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Iranian Candidates Vie For 'Party of the Wind'

Presidential candidates are jockeying for position among Iran’s political factions and for the unpredictable swing vote.
Campaign pins of Iranian presidential candidate and lead nuclear negotiator Saeed Jalili are displayed for sale at Tehran University in the Iranian capital on June 3, 2013. The eight candidates standing for president this month may differ on several issues, but when it comes to Iran's nuclear drive they are united in pursuing what they see as its peaceful atomic ambitions. AFP PHOTO/ATTA KENARE        (Photo credit should read ATTA KENARE/AFP/Getty Images)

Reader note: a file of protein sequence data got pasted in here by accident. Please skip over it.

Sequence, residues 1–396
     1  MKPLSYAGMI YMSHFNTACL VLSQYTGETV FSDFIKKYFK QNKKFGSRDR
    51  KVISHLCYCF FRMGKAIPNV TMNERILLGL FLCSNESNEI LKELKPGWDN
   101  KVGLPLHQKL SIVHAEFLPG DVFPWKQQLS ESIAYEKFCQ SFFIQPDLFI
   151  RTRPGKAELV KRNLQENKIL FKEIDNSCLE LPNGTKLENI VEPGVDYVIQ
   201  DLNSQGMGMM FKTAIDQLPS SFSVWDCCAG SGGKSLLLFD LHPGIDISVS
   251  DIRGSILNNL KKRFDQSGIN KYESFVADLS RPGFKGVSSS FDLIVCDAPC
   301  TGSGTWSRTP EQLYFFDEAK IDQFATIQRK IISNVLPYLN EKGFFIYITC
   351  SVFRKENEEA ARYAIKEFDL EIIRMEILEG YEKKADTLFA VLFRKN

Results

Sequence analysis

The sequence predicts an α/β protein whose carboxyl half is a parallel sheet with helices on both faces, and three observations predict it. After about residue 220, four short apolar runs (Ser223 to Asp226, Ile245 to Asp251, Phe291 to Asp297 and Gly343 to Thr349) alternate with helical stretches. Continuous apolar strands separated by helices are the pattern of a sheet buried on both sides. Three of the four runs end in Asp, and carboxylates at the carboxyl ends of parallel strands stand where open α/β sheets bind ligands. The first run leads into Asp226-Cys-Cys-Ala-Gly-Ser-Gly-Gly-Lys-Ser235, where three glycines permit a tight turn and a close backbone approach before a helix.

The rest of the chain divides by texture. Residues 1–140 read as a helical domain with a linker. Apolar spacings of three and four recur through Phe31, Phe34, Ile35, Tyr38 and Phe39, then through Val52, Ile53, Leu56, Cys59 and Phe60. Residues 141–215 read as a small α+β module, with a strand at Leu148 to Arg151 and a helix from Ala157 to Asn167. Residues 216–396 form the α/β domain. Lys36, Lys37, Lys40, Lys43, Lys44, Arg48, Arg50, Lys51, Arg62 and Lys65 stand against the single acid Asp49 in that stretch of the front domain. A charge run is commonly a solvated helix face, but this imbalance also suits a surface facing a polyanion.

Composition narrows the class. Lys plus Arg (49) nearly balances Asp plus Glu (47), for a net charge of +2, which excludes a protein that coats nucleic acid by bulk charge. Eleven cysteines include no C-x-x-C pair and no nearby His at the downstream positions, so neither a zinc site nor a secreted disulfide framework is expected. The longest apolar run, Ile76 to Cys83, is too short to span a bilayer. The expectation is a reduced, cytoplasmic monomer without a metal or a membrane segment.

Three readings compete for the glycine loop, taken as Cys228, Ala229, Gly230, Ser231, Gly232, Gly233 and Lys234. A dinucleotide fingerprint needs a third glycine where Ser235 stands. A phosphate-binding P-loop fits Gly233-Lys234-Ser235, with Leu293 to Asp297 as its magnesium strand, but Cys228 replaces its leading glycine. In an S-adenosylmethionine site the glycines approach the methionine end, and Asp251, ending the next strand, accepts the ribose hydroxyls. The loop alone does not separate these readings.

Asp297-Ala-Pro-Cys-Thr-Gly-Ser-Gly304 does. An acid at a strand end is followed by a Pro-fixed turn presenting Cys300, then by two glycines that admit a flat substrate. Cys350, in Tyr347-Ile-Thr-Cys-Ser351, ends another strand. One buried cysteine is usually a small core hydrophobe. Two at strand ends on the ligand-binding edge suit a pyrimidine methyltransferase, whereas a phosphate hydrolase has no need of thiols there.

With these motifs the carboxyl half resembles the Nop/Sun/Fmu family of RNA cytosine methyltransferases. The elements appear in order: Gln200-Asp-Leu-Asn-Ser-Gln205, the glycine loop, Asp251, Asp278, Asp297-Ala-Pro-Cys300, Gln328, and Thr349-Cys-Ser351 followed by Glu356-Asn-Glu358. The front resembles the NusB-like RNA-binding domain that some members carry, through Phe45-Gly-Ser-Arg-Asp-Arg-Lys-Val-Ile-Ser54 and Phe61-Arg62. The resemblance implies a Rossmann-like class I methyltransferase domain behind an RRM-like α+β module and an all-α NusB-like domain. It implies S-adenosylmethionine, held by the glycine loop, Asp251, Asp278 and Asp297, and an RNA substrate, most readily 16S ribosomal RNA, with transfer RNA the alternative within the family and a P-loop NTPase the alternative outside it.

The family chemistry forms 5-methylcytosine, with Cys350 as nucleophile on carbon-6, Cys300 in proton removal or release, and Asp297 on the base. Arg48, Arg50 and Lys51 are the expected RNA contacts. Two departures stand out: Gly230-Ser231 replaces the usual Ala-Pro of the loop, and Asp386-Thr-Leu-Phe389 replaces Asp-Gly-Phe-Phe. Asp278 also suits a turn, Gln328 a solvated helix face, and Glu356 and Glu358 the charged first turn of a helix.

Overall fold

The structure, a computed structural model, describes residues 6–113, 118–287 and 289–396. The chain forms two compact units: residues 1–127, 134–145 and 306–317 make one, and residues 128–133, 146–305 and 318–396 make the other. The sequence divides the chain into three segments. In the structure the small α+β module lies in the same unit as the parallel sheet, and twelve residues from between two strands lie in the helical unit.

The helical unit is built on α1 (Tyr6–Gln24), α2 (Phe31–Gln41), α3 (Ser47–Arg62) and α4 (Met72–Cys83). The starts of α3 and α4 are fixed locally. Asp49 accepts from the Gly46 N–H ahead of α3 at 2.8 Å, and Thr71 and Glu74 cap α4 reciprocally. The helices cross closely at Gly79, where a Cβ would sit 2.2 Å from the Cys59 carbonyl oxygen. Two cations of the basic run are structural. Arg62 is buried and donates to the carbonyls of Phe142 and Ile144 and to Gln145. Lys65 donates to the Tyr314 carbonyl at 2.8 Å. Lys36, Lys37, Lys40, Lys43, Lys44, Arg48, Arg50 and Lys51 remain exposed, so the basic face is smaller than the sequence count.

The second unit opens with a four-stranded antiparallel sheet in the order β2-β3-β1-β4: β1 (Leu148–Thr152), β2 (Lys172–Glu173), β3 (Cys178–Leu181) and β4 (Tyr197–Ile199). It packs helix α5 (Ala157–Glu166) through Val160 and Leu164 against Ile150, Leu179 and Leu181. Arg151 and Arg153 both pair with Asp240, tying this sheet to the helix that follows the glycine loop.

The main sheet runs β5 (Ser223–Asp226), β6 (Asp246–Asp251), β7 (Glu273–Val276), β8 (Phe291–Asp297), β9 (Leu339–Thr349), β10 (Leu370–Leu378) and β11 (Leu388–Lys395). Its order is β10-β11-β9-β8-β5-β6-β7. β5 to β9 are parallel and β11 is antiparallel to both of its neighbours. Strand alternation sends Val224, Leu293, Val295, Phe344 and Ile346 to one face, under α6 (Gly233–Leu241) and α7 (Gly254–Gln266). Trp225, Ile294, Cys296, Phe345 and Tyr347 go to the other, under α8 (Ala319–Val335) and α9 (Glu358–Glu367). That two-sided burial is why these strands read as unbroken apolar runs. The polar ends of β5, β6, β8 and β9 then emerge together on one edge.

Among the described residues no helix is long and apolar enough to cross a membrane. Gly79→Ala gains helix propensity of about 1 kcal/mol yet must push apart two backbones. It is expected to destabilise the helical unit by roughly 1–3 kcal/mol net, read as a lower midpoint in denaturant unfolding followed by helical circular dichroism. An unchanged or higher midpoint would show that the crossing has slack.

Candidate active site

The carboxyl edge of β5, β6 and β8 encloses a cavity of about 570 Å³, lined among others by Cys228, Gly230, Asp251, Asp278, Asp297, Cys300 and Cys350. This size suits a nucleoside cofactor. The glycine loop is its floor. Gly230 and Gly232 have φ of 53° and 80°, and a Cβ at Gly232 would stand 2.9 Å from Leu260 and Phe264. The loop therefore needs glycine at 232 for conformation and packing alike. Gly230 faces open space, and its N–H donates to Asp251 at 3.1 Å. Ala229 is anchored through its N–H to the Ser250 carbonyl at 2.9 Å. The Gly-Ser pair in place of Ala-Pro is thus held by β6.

With less than two weeks until the Iranian presidential election, things are still very much up in the air. Perhaps more than seeking to rally the public, most serious contenders are either focusing their energy on setting up alliances that will boost their positions or waiting for those final configurations to emerge. The result is that we have so far witnessed a far less vibrant pre-election atmosphere compared with 2009. This need not, however, forebode a placid vote.

There is a particularly large swing vote in Iran, where it is locally known as the hezb-e-baad (Party of the Wind). As seen in the last presidential election, and in the days leading up to the deadline for candidate registrations, this swing vote can be rapidly excited and mobilized.

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